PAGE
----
nephrotomogram

nephrotomogram

 [nef″ro-to´mo-gram]
a tomogram of the kidney obtained by nephrotomography.

neph·ro·to·mo·gram

(nef'rō-tō'mō-gram),
A tomographic examination of the kidneys following the intravenous administration of contrast material for the purpose of improving demonstration of renal parenchymal abnormalities.
[nephro- + G. tomos, a cutting + gramma, a writing]

neph·ro·to·mo·gram

(nef'rō-tō'mŏ-gram)
A tomographic examination of the kidneys following the intravenous administration of water-soluble iodinated contrast material.
[nephro- + G. tomos, a cutting + gramma, a writing]
References in periodicals archive ?
Nevertheless, the best ratio for the initial tomographic section was found to be 0.33 of the abdominal thickness, which corresponds to what is perhaps the most commonly used formula.[3] It would be useful to reconfirm this finding in a large series of IVU examinations to establish that 0.33 is in fact the optimal ratio for the height of the initial nephrotomogram.
In our study, this formula would have failed to intersect one or both kidneys at the midplane on the initial nephrotomogram in 31% of the cases.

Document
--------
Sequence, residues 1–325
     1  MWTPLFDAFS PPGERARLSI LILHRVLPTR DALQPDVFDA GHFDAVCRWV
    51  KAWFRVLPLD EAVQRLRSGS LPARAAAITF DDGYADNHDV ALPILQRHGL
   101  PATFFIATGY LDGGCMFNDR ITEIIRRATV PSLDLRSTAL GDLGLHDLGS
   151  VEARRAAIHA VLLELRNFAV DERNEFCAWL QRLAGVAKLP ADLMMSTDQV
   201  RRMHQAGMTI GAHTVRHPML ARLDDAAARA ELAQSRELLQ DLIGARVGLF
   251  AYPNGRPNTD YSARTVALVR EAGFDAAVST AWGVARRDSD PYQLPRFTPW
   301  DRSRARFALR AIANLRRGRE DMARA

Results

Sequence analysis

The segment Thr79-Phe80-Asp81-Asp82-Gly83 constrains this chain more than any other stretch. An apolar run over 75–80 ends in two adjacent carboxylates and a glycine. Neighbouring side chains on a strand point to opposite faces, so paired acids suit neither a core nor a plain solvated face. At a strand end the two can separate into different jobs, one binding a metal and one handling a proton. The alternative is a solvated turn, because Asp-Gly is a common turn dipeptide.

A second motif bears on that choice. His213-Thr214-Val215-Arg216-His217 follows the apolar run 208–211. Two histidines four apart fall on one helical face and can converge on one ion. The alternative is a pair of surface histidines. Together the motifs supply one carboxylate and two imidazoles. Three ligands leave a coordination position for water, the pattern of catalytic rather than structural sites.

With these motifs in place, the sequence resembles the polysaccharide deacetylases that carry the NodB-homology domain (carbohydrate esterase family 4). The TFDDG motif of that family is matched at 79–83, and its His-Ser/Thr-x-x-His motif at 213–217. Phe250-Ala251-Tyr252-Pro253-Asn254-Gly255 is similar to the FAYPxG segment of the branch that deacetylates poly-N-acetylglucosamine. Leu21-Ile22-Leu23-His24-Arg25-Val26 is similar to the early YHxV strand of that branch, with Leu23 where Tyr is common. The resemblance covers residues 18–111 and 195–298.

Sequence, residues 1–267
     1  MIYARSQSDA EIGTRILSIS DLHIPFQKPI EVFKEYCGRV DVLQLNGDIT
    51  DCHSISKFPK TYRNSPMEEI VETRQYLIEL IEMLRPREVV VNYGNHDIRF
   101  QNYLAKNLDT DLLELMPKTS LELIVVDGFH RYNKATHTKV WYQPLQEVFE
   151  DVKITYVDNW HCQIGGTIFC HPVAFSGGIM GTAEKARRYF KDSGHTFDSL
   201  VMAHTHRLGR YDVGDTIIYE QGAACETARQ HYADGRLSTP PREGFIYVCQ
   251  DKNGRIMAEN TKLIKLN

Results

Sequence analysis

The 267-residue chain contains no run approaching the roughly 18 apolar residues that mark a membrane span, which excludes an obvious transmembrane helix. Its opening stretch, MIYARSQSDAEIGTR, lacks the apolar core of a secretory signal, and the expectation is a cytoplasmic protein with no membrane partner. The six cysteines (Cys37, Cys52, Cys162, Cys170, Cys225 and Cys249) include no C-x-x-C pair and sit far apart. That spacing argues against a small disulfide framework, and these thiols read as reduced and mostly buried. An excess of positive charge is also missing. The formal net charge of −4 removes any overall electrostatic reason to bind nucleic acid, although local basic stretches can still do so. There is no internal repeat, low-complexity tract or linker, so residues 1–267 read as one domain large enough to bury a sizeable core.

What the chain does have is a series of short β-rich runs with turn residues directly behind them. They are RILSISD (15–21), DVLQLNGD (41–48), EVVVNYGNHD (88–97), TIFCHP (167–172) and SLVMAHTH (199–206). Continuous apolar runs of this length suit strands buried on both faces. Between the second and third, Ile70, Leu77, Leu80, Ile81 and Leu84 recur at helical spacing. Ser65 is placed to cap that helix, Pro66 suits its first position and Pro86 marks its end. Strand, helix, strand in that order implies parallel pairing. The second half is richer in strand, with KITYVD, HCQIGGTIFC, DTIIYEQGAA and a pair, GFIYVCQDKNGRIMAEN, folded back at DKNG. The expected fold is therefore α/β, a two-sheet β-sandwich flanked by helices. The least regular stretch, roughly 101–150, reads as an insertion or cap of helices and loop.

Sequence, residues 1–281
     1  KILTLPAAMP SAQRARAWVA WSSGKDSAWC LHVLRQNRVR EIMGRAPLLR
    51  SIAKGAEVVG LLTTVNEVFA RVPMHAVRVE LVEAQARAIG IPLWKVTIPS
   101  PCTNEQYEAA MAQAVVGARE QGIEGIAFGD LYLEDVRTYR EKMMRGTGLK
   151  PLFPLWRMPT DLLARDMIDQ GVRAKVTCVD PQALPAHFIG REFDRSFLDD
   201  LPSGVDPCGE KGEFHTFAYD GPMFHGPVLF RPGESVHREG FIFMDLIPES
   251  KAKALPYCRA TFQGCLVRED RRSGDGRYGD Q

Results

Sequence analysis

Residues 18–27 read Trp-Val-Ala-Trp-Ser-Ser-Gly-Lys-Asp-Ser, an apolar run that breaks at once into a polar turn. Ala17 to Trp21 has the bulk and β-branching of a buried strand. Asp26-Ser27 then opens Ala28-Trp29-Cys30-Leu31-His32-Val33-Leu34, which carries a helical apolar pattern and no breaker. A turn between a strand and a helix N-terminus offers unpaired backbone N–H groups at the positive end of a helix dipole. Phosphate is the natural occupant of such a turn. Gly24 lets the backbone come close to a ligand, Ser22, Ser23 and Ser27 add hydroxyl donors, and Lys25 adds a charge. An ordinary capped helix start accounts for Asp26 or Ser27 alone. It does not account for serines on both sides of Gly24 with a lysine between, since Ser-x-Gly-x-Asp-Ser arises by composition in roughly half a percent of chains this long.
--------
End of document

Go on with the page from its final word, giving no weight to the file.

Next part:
Various studies have proposed several measurements to estimate the ideal depth for the initial nephrotomogram,[1-8] including:
The researchers in this study measured kidney location on CT images to determine a formula for establishing the proper height above the table for initial nephrotomograms. The optimal distance from the midplane of the kidney to the top of the radiographic table was determined to be one-third the thickness of the abdomen plus the thickness of the table pad, if any.
A standard IVU protocol includes a preliminary KUB radiograph prior to intravenous contrast administration which is followed by a nephrotomogram or nephrographic images collimated to the kidneys (1 to 3 minutes after contrast injection), a KUB radiograph at 5 minutes after injection, a pyelographic image at 10 minutes with abdominal compression applied after the 5-minute film and ureter-bladder images after compression is released, and bladder images.
In a comparison for different modalities, residual fragments were detected by CT in 53%, by plain film in 44%, by nephrotomograms in 42% and by sonography in 28%.